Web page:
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Keystone XL pipeline runs into landowner scrutiny

According to local lore, Direct, Texas, was named either for Native Americans who crossed the river "direct" to obtain whiskey or to a revivalist who believed the local people were going "direct" to hell. Direct has less than 100 residents today.

Farmer Julia Trigg Crawford, 53, stands in her pasture where TransCanada wants to build part of its 500-mile pipeline in Direct, Texas.

Julia Trigg Crawford of Direct, Texas, manages her family’s 600-acre farm, growing wheat, corn and soybeans. She’s been opposing TransCanada’s effort to run a pipeline through her pasture since 2008.

Stacey Vanek Smith: The White House is threatening to veto a transportation bill, after House legislators tacked on an approval for the controversial Kestone XL oil pipeline that would run from Alberta, Canada to Texas. Meanwhile, the company building the pipeline says it's secured almost all the land it needs to begin construction of a shortened line from Cushing, Okla. down to refineries on the Gulf Coast.

From Red River Radio, Kate Archer Kent has that story.


Kate Archer Kent: The horses grazing in Direct, Texas, pay no attention to their owner. Farmer Julia Trigg Crawford says the horses are ignoring her because she hasn't had time to ride them. She's all consumed by her court battle. TransCanada condemned part of her pasture to make way for its 500-mile pipeline. She's challenging eminent domain law. That's where private property can be taken for public use. She says her legal defense against TransCanada could cost $300,000.

Julia Trigg Crawford: When you realize that you're up against a foe with a deep pocket -- and we have a lot of grit -- but we don't have the money.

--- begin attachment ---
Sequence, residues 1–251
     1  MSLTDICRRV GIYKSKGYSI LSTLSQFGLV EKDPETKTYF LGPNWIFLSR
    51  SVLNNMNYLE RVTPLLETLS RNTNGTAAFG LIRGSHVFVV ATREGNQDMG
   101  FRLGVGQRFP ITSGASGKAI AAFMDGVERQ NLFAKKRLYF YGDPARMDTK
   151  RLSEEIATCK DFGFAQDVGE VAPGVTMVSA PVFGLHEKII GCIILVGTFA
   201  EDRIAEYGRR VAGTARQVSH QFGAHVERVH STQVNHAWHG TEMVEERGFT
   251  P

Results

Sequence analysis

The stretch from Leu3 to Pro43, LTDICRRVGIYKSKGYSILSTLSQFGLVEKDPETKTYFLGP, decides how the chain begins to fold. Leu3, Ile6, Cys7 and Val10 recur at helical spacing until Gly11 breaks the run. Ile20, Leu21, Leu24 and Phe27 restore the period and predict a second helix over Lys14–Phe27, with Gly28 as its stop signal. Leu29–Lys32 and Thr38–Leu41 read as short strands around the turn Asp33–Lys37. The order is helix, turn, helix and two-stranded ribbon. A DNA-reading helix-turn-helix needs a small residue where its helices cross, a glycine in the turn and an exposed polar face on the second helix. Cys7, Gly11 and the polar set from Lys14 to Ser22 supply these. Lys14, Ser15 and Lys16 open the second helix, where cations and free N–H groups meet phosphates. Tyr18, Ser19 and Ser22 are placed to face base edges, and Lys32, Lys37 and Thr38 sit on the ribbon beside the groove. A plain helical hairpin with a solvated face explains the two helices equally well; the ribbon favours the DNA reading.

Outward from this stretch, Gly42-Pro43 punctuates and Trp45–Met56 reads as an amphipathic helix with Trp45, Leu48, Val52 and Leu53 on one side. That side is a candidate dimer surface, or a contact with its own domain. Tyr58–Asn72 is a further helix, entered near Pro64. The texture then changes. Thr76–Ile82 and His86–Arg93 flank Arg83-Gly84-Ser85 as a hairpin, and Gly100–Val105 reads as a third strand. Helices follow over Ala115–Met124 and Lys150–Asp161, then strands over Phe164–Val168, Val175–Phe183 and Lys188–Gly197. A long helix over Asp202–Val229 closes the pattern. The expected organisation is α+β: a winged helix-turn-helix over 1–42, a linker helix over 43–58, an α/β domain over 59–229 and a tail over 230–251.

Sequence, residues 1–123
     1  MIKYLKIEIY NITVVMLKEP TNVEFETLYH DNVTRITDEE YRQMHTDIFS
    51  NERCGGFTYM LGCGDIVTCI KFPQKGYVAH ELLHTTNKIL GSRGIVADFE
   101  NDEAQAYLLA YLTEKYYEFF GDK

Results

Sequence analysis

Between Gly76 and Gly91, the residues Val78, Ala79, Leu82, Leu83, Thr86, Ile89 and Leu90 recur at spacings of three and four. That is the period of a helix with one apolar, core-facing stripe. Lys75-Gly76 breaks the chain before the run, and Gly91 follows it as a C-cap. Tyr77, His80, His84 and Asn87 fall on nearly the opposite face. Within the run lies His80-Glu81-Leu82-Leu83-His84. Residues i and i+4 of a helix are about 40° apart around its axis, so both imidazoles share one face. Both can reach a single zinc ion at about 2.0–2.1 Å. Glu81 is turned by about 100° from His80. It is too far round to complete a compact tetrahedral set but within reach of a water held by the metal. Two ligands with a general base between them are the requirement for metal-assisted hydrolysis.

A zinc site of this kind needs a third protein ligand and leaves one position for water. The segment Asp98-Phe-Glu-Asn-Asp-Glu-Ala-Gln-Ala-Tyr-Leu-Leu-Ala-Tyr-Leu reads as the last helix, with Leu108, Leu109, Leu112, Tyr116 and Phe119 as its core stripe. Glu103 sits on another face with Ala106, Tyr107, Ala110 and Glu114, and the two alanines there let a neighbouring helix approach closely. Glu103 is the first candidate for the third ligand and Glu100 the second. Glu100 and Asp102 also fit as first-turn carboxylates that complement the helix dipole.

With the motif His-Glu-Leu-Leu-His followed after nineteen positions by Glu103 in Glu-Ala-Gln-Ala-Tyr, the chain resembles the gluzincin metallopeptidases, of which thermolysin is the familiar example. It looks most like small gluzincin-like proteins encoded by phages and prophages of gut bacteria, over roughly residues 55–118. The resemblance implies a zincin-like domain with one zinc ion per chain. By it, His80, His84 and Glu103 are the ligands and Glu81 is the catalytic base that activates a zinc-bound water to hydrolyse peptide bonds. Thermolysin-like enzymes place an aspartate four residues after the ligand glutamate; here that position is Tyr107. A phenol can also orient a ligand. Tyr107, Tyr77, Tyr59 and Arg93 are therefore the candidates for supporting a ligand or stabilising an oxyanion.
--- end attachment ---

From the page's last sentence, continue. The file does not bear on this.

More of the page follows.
She's concerned about the environmental impact to her land and a decline in value with a pipeline running through it. Crawford launched a website, StandWithJulia.com. So far she's raised about $7,000.

Crawford: People are sending me nickels and dimes. They know that this is not an easy thing to do. They're appreciative almost that someone just like them, Joe Every Man Farmer in Texas, is willing stay say OK we'll stand out front if you guys kind of back us up.

Crawford says TransCanada offered her $20,000 to use her pasture. She refused, so the company took her to court. Now a jury decides compensation.

Attorney Hal Cameron has defended thousands of landowners in eminent domain disputes. He says Texas law is clear-cut. Roads, power lines, pipelines will always need to be built.

Hal Cameron: Landowners are pretty much up against the wall. Not much you can do. Real fight is over the money. How much will they pay you for protecting your land? How much do they pay you for damaging your land?

TransCanada spokesman Jim Prescott says legal challenges attract attention, but they're rare. He says the vast majority of easement agreements for pipelines are decided at a kitchen table.

Jim Prescott: We've certainly had a lot of landowners come to us and say let's do business.

Prescott says TransCanada hopes to start construction by midsummer, once it has all federal permits and landowner agreements in hand. Julia Trigg Crawford's trial is set for April 30th.

In Direct, Texas, I'm Kate Archer Kent for Marketplace.

Farmer Julia Trigg Crawford, 53, stands in her pasture where TransCanada wants to build part of its 500-mile pipeline in Direct, Texas.

Julia Trigg Crawford of Direct, Texas, manages her family’s 600-acre farm, growing wheat, corn and soybeans. She’s been opposing TransCanada’s effort to run a pipeline through her pasture since 2008.

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